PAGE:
Pentagon to Stress Speed over Mass; Cites Afghan, Iraqi Experiences

Article excerpt


The Bush administration is nearing completion of a new defense posture that will shift troops and weapons overseas and emphasize rapid deployment over numbers of troops, tanks, ships and aircraft.

"In general, in capabilities, you can just basically look at the lessons learned out of Iraqi Freedom and Enduring Freedom, that speed is more important than mass," a Bush administration official said, referring to the names for military operations in Iraq and Afghanistan.

Four Bush administration officials from the Pentagon, State Department and White House National Security Council staff said talks are under way with foreign governments in Europe and Asia, including China, about the new basing and power-projection plans.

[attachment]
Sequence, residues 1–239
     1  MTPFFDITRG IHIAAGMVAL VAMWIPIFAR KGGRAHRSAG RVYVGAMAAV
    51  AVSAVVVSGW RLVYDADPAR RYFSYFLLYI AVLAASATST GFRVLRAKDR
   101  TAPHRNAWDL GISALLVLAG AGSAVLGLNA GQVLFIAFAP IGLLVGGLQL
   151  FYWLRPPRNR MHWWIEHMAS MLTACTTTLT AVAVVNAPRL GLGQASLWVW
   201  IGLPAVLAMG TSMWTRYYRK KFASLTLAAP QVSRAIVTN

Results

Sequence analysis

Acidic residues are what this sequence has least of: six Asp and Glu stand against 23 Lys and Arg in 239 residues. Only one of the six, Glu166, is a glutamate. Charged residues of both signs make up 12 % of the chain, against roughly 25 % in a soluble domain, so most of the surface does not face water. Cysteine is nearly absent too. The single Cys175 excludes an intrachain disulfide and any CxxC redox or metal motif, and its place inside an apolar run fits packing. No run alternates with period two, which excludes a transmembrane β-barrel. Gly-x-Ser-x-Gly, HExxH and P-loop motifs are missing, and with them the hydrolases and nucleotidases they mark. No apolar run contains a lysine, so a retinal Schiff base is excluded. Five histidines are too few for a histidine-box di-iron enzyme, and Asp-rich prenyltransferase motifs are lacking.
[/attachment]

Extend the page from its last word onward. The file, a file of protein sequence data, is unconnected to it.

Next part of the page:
The officials briefed reporters at the Pentagon on the condition of anonymity.

"We need to be rapidly deployable in the capabilities that we have," one official said. "And that rapid deployability is not just in a particular asset, but it's in the whole architecture. It's from the command and control piece, to the major operating units, to the support pieces."

The officials provided no specifics on the plans to move troops and weapons.

However, other defense officials said major force structure changes will be made in Asia and Europe.

In Asia, additional submarines will be deployed at the Pacific island of Guam, where three attack submarines were moved recently. Up to three more attack submarines will be based in Guam to be better positioned to respond to a Chinese attack on Taiwan, officials said.

Also in Asia, the Navy is planning to move another aircraft carrier battle group farther west, probably to Hawaii, to be better positioned to deal with any conflict on the Korean Peninsula. …